Western Travis County short-term rental rules aim to manage visitors’ behavior

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Local rules aimed at maintaining a quality of life for homeowners during the Austin area’s annual festival season appear to be helping that goal by managing the behavior of short-term visitors, according to public records.

In West Lake Hills, rules require property owners to pay a fee and adhere to a set of regulations if they want to rent their home for periods of less than 30 days. More than a year after the implementation of that ordinance, the rules seem to be working.

Since West Lake Hills’ ordinance came into effect in fall 2016, zero complaints have been received, and 8 permits have been renewed. Since the city’s STR ordinance is relatively new, the majority of 20 current permits have not hit their one-year renewal date, city staff said.

The city’s mayor said the process to develop the ordinance was aimed at being transparent.

“We formed a subcommittee after receiving complaints from residents in multiple neighborhoods about noise, safety concerns, litter [and]increased traffic that STRs can generate,” Mayor Linda Anthony told Community Impact Newspaper.

“We held numerous public hearings, conducted a citywide survey and worked in crafting an ordinance that would balance the interests of all of our residents.”

Place One Council Member Rhonda McCollough said there were two sets of STR complaints from neighbors. “One related to parking and late night traffic at an STR on North Peak.  Another set concerned filming of a television show in a home rented for that purpose on Live Oak Circle,” McCollough said in an email.
“We recommended a permitting process, with restrictions on who could get a permit (WLH residents only),  a limit for each permit holder to a single permit, along with enhanced enforcement of existing nuisance ordinances would be the most even handed approach. This was adopted by the city council with minimal changes,’ she said.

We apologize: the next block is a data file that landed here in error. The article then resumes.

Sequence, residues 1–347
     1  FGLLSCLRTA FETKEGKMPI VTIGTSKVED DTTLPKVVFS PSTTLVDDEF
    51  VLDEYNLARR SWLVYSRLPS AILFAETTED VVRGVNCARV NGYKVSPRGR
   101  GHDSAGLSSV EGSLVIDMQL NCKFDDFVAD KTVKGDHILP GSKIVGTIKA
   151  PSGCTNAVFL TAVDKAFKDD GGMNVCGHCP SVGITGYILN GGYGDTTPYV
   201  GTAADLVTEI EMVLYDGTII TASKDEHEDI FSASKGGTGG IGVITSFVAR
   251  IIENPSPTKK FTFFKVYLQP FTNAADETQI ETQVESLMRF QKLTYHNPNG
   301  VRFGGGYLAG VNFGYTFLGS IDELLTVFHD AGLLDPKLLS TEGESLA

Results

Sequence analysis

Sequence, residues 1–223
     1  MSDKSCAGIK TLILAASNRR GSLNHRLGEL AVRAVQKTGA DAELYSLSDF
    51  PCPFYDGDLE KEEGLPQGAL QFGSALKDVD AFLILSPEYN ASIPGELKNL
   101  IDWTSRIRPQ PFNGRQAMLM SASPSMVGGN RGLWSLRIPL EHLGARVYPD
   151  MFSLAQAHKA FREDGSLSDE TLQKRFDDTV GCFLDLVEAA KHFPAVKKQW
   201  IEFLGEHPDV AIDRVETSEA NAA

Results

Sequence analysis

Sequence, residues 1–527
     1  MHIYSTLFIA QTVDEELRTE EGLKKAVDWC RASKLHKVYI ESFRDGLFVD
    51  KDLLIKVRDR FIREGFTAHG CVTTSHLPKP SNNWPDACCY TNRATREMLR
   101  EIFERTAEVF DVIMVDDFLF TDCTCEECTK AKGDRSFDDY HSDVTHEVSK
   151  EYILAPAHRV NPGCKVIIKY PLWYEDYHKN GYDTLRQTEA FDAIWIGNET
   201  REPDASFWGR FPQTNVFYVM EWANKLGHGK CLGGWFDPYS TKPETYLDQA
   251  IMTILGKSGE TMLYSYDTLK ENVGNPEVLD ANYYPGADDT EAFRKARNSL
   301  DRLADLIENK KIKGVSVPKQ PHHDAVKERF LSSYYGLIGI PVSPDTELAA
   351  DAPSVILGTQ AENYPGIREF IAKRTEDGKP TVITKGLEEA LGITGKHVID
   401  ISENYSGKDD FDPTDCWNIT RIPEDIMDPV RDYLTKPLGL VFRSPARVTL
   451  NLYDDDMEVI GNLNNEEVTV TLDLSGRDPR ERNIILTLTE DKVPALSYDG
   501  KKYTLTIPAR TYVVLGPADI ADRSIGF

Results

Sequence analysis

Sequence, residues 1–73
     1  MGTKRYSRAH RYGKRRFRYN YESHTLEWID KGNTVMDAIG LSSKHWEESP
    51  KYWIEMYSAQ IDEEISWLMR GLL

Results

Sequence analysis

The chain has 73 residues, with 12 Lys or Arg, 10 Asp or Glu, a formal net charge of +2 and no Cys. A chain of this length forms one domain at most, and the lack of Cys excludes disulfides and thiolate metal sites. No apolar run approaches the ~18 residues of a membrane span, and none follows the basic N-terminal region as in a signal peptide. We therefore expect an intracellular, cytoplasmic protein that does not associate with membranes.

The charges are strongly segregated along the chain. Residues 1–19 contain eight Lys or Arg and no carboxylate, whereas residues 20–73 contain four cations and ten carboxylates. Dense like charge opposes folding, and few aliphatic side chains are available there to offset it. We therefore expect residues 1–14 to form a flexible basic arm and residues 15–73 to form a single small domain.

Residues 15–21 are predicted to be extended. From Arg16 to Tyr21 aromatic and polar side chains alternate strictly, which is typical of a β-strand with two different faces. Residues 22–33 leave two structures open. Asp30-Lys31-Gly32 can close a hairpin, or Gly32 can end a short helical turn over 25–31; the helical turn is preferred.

Lakeway’s STR story

In Lakeway, prior to implementing its own short-term rental ordinance in 2016, Mayor Joe Bain said the city was also receiving complaints from homeowners living near short-term renters.

“[City police] could cite the renters and they would stop the offending activity [but]it started up the next weekend again,” he wrote in an email. “We needed a way to tie issues back to the owner of the property to affect the way [it]was managed.”

The ordinance has succeeded, Bain said, and police calls have dropped.

“Owners and [property]managers have become more aware of the issues they were causing and have in most cases corrected the activity,” he said.

In Lakeway, after the STR ordinance took effect in Jan. 2016, city staff took 26 complaints through Feb. 2018. Three violation notices were issued and one permit was rescinded due to complaints and violations.

Of the 25 permits issued, 7 homeowners have renewed since the adoption of the new rules. Currently, 17 properties are on the city of Lakeway’s waiting list. They will not be approved until a current permit holder relinquishes or loses their permit.

Rollingwood Mayor Roxanne McKee said the consensus within her city has remained strongly opposed to the operation of short-term rentals. Rollingwood banned STRs entirely in 2010.